“We got late blight and lost many plants.” This was a familiar refrain among comments from the blight-stricken New England and Maritime Canada region, but we also received reports of ‘Juliet’ and ‘Super Sweet 100’ putting up valiant fights. As for late blight, a couple of respondents suggested prayer and patience, noting that enough cool rain will melt down the finest tomato.
2. ‘Early Girl’
Also: ‘Big Boy,’ ‘Celebrity,’ ‘Cherokee Purple’
2. ‘Super Sweet 100’
3. ‘Black Cherry’
Also: ‘Gold Nugget’
2. ‘Amish Paste’
3. ‘San Marzano’
Also: ‘Orange Banana,’ ‘Opalka’
2. ‘Big Boy’
Also: ‘Mortgage Lifter,’ ‘Beefmaster’
1. ‘Yellow Pear’
Also: ‘New Zealand Pink Pear’
1. ‘Cherokee Purple’
2. ‘Black Krim’
3. ‘Green Zebra’
Also: ‘Pineapple,’ ‘Lemon Boy’
“I’m torn between the disease resistance and high yield of hybrids versus the beauty, variety and seed-saving option of heirlooms. I settle for a little bit of both.”
“I’ve experimented with a variety of tomatoes, but, for our short growing season, I find that cherry tomatoes reliably produce ripe tomatoes before frost, and all varieties are tasty. I use them in everything from sauce to sandwiches.”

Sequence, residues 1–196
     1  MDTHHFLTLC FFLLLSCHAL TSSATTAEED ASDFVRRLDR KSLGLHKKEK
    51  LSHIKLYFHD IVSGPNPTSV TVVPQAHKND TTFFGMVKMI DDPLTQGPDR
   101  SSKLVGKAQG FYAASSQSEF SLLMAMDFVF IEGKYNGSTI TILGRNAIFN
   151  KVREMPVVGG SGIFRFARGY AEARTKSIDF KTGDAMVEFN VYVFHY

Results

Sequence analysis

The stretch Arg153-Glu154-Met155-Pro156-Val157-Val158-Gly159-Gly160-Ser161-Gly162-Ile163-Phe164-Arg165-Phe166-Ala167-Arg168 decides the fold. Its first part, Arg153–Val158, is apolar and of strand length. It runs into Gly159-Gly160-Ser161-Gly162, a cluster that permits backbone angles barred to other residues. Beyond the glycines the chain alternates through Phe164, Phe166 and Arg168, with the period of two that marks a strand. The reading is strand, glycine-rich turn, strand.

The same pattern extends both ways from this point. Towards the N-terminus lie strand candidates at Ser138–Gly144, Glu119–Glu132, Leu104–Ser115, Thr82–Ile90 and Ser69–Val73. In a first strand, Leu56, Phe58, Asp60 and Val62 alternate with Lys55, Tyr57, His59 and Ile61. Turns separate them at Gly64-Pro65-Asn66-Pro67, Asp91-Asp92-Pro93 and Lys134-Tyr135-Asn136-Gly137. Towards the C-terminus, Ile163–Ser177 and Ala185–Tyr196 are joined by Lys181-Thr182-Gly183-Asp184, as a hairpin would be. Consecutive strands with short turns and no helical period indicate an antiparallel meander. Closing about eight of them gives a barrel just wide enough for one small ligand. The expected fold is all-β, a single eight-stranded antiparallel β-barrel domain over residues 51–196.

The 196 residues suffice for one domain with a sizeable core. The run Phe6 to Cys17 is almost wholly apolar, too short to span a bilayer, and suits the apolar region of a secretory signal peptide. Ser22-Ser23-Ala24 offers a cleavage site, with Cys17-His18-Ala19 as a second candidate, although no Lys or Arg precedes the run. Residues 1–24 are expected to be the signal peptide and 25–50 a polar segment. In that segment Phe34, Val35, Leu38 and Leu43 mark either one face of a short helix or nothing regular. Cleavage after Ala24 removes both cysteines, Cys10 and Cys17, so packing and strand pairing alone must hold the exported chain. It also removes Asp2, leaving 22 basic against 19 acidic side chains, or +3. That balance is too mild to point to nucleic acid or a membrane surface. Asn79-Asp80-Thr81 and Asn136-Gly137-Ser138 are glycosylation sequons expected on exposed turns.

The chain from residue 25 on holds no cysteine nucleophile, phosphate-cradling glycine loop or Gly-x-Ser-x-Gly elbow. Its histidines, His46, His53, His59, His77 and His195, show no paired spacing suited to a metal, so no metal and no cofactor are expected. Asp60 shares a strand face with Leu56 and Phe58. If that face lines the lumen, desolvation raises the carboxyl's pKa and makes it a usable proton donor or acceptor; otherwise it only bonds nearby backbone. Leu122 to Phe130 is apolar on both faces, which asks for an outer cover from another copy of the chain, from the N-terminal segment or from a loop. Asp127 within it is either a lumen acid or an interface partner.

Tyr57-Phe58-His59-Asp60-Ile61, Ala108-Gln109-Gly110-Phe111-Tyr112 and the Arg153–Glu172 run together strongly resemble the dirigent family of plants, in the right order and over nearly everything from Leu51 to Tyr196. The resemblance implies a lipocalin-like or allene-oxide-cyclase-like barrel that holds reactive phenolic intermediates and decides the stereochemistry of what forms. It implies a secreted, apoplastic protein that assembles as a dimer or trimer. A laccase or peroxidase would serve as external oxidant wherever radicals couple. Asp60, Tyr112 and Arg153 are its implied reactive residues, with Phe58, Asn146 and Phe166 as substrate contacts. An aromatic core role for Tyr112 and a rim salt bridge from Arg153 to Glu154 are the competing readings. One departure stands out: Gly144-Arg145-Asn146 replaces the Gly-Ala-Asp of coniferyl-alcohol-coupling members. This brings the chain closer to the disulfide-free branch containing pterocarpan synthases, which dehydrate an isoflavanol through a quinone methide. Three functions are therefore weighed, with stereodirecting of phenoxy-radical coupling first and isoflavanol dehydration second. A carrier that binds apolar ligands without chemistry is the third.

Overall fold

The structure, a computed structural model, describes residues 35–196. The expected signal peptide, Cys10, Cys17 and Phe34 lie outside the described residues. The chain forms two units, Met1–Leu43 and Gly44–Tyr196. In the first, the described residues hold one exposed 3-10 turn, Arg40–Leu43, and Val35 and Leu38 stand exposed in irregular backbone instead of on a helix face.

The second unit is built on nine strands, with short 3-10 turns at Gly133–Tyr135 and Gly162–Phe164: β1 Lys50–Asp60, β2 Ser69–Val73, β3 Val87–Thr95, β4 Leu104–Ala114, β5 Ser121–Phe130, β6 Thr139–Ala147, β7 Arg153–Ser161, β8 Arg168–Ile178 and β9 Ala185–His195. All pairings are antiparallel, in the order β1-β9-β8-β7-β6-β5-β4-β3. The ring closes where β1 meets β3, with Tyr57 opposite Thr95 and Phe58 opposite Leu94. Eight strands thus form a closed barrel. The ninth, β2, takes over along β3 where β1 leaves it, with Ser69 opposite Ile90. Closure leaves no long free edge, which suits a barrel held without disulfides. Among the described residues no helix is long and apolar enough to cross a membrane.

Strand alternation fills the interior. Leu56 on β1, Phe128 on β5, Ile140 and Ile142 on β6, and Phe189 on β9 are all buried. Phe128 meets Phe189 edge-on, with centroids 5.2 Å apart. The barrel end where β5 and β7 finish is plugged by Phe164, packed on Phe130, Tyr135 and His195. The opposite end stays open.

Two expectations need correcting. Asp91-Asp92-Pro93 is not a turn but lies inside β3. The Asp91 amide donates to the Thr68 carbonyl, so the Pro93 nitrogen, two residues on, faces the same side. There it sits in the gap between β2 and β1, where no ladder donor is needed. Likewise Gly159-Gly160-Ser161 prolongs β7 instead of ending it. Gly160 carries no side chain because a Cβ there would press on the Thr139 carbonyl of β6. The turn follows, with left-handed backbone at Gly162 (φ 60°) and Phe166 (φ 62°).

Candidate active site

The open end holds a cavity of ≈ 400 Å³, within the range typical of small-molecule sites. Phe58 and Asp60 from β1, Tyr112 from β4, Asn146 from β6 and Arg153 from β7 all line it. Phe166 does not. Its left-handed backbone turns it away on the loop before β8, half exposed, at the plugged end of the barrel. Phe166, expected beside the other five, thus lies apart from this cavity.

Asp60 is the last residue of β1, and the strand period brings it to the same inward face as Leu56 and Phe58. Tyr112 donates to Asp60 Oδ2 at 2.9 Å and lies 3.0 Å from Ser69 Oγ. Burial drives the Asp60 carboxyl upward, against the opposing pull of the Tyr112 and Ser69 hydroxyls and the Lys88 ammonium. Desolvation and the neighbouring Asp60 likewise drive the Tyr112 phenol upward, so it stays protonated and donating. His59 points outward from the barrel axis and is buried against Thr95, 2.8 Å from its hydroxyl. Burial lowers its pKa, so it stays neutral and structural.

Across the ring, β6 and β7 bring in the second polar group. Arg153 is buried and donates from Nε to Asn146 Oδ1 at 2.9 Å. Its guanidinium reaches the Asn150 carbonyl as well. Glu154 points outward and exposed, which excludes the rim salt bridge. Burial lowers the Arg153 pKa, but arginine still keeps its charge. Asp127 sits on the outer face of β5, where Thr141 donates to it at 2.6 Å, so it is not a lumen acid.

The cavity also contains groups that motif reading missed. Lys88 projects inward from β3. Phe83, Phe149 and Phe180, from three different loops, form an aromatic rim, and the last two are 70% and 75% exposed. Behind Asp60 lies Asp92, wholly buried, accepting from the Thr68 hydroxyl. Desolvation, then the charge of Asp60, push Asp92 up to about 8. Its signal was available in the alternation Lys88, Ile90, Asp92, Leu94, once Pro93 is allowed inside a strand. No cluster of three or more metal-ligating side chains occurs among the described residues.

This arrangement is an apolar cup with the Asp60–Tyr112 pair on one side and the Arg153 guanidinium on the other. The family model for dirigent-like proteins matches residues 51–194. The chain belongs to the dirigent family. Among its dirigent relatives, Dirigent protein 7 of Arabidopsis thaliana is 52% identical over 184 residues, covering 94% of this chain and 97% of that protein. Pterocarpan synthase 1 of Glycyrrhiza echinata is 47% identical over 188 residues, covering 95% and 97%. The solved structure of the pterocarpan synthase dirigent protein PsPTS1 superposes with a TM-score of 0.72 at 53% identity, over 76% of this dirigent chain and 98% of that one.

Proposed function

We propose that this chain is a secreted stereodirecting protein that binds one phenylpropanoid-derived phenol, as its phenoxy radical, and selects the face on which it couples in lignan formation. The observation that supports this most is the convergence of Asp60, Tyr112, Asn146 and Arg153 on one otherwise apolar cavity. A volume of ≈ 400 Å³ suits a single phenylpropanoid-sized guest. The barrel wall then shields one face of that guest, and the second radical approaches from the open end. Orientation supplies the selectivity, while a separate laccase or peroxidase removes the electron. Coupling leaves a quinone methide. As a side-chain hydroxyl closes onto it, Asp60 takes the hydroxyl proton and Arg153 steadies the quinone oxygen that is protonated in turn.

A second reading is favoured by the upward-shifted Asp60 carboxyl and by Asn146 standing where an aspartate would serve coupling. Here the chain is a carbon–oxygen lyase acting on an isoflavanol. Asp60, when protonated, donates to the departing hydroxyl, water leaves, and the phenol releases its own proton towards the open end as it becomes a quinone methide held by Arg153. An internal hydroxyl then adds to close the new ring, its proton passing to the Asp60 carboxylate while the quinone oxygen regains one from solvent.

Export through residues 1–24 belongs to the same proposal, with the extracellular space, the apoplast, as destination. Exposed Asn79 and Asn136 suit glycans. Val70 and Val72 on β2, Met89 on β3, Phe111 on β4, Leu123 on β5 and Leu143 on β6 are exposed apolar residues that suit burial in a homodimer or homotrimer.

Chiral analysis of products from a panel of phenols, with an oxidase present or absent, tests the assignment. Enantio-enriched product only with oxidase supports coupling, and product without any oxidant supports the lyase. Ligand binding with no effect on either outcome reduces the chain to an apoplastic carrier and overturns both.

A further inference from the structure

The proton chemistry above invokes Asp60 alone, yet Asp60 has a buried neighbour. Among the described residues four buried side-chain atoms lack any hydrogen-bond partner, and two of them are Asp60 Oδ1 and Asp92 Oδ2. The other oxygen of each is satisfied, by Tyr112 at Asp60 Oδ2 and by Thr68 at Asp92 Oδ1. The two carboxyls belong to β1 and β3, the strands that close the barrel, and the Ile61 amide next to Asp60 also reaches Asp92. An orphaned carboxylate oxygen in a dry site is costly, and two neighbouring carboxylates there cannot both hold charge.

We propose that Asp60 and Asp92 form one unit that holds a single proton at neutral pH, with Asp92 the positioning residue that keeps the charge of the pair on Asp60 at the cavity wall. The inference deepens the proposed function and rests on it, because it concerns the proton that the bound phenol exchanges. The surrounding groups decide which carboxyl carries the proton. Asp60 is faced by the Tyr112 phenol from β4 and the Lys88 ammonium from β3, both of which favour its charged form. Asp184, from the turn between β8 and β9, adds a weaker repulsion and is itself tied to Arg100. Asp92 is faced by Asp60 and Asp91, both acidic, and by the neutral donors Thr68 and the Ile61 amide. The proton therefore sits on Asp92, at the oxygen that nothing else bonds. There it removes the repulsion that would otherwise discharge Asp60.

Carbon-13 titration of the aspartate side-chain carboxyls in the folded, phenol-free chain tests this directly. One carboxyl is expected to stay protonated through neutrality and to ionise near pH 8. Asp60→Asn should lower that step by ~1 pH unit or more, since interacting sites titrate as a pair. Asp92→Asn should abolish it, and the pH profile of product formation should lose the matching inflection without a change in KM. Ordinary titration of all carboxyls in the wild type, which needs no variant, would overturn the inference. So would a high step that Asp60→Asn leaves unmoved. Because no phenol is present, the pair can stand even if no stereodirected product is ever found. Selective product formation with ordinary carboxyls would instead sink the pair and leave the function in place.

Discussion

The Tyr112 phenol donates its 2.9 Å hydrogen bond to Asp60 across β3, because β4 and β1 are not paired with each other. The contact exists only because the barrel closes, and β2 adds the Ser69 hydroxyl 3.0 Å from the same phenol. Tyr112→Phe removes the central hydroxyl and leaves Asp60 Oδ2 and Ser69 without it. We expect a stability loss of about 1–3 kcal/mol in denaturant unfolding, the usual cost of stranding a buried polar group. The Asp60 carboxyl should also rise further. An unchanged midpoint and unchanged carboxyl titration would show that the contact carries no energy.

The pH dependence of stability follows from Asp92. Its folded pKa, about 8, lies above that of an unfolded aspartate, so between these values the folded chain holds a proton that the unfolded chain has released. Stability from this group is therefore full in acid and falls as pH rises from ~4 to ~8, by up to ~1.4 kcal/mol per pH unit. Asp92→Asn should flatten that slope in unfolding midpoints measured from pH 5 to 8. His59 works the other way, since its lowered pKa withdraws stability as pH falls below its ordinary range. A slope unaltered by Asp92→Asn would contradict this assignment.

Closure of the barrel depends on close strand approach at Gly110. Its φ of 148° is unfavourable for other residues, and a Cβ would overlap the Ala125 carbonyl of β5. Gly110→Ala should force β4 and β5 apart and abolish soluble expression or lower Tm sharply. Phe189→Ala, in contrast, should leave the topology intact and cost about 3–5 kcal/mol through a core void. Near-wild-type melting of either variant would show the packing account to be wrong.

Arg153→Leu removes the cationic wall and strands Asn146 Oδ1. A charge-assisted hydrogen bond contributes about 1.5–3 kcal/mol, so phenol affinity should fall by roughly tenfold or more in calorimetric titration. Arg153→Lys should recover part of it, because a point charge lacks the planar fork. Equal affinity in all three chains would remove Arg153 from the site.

Stewiacke, Nova Scotia
“Taste is very personal, so what I adore you may loathe. Flavor and productivity also vary due to seasonal conditions, so give a variety two or three growing seasons before deciding if it’s a keeper.”
Read The Best Tomatoes to Grow Where You Live to find the best varieties for other U.S. gardening regions.
Contributing editor Barbara Pleasant gardens in southwest Virginia, where she grows vegetables, herbs, fruits, flowers and a few lucky chickens. Contact Barbara by visiting her website or finding her on Google+.
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